These are my links for December 28th:
- Union pickets gain special protections from state justices -“Signature gatherers and protesters may be ejected from privately owned walkways outside a store, but labor unions may picket there peacefully, the California Supreme Court decided Thursday.
- The state high court unanimously agreed that private walkways in front of stores, unlike public areas in shopping malls, are not open forums accessible to anyone who wants to assemble to express a view. But the justices split, 6 to 1, in upholding two state laws that prevent courts from issuing injunctions against peaceful labor pickets on private property.The laws protecting labor pickets are justified “by the state’s interest in promoting collective bargaining to resolve labor disputes,” Justice Joyce L. Kennard wrote for the courtCalifornia “may single out labor-related speech for particular protection or regulation” as an exercise in the economic regulation of labor relations, Kennard wrote.”
- House members did not violate rule with Countrywide loans, ethics panel says -“The House Ethics Committee said Thursday it found no violations among House members whose mortgage loans went through the VIP section of Countrywide Financial Corp., the company whose subprime loans helped cause the foreclosure crisis.The committee said nearly all the allegations of favored treatment involved loans that were granted so long ago that they fell outside the panel’s jurisdiction. The committee added that participation in the VIP program did not necessarily mean borrowers received the best loan deal available — and most lawmakers were not even aware they were placed in a VIP unit.Rep. Elton Gallegly, R-Simi Valley, and Howard “Buck” McKeon, R-Santa Clarita, were among the House members whose names were on the original list of VIP loans.The actions of unnamed House staff members were harshly criticized. Emails indicated they reached out to Countrywide lobbyists for help with their personal loans, but those actions also were too old to remain in the committee’s jurisdiction. The panel said that if the incidents had been more recent, the staff members could have faced discipline.”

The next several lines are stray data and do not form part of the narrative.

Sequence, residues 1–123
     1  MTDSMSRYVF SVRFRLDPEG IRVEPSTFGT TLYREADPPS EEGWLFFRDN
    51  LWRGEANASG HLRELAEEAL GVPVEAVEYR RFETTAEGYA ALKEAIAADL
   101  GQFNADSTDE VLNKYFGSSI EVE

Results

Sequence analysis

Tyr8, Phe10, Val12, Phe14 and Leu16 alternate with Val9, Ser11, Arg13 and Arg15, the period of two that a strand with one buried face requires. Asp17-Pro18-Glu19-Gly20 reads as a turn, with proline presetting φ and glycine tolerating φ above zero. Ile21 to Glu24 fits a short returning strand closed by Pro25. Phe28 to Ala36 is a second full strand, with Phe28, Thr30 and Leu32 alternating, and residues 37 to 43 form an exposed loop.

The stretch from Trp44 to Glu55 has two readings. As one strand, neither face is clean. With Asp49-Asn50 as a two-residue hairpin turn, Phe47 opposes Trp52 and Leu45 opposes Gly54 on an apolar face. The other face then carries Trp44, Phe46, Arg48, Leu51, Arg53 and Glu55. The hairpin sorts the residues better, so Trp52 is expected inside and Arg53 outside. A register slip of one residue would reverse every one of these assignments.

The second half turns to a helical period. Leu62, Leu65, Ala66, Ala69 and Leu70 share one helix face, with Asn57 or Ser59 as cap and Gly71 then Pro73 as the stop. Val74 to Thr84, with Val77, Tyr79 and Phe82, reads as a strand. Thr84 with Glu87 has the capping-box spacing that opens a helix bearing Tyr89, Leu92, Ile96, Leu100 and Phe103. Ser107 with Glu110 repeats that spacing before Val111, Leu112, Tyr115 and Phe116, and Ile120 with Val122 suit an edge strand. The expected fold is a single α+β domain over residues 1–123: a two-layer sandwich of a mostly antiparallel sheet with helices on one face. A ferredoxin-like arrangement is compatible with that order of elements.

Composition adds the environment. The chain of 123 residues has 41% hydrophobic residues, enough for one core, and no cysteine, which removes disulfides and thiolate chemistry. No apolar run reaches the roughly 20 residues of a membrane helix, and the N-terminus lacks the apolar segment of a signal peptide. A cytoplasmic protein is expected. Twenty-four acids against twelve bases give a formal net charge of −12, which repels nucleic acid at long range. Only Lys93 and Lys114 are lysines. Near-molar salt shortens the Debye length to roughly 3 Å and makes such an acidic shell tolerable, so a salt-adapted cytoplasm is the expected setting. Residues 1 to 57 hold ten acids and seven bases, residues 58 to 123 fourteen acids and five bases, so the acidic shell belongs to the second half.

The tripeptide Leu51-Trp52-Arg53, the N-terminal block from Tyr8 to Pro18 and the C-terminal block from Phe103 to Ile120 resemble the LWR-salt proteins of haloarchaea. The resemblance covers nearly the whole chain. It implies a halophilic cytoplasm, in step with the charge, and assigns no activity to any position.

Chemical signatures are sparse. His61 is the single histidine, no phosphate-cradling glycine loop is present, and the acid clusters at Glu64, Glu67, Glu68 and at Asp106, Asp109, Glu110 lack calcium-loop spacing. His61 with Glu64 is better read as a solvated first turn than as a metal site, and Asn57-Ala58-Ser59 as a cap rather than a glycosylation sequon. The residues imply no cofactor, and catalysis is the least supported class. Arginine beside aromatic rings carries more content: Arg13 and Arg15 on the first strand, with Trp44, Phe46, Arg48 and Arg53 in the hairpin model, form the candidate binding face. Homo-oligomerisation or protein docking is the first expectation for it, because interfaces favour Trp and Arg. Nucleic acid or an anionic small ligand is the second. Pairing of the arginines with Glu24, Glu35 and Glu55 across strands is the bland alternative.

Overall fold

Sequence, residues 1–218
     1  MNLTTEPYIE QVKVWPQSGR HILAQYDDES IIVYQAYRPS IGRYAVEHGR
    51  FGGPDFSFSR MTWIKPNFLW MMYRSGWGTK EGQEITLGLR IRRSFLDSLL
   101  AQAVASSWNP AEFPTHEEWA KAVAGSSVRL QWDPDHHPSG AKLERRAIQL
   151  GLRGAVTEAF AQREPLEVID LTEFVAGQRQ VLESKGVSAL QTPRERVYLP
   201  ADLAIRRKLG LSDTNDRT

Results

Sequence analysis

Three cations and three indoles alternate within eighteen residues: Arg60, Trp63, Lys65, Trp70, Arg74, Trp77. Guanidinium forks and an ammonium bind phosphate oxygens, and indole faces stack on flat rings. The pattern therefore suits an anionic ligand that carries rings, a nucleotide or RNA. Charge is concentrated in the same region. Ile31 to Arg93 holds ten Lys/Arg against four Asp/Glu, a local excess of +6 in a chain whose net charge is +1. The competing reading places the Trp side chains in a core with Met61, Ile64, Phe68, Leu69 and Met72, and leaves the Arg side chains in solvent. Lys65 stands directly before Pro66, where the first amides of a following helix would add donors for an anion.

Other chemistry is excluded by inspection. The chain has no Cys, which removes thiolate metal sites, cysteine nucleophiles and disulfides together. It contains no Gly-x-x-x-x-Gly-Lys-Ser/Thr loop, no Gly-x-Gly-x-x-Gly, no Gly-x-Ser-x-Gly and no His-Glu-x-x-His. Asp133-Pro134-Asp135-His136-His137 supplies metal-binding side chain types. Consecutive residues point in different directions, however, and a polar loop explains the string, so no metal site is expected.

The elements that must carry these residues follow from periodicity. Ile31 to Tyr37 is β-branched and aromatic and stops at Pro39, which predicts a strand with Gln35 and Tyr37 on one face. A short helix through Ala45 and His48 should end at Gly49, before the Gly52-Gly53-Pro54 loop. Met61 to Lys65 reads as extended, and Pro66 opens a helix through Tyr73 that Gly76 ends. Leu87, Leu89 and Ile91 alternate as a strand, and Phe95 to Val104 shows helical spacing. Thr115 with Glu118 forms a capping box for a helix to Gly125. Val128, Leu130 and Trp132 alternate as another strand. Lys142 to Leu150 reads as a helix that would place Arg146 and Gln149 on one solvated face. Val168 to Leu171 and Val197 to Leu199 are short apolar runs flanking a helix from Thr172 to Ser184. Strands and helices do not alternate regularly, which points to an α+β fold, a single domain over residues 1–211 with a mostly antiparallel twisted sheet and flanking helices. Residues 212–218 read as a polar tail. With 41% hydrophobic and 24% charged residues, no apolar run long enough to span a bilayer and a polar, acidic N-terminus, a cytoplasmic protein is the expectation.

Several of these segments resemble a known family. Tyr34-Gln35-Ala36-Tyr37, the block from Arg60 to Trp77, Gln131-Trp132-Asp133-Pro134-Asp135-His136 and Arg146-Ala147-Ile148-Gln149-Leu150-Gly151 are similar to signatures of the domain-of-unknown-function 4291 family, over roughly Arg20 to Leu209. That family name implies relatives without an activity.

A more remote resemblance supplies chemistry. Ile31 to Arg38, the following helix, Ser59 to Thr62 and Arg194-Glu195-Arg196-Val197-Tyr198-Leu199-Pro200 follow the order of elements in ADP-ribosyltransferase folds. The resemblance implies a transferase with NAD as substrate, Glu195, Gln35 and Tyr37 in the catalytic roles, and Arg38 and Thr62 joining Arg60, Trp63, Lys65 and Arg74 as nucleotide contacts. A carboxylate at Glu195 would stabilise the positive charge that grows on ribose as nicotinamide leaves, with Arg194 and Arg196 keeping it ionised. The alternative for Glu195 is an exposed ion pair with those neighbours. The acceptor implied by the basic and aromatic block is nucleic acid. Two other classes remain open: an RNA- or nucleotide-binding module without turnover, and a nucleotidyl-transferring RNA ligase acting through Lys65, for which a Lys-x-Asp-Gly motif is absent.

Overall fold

- GINGRICH AND NOLAN: Criminal justice reform saving states billions -“These victories for reform are the result of a growing movement among conservatives to offer alternatives to our current criminal justice policies. Both of us are part of the Right on Crime initiative which has united many prominent conservatives, including Jeb Bush, Ed Meese, Grover Norquist and William Bennett, to advocate sensible reforms that have proven effective at keeping communities safe while saving taxpayer dollars.Right on Crime supports effective programs that are less costly alternatives to prison such as drug courts, rehabilitation and programs that impose swift and certain sanctions.These conservative policy initiatives have attracted the support of leaders from across the political spectrum. The victories for criminal justice reform may not get as much publicity as the stories of gridlock emanating from Washington. Nevertheless, they are proof that even in times of great partisan tension, leaders on the left and the right can set aside their differences and make good public policy based on conservative principles. The result is safer communities and fewer victims.”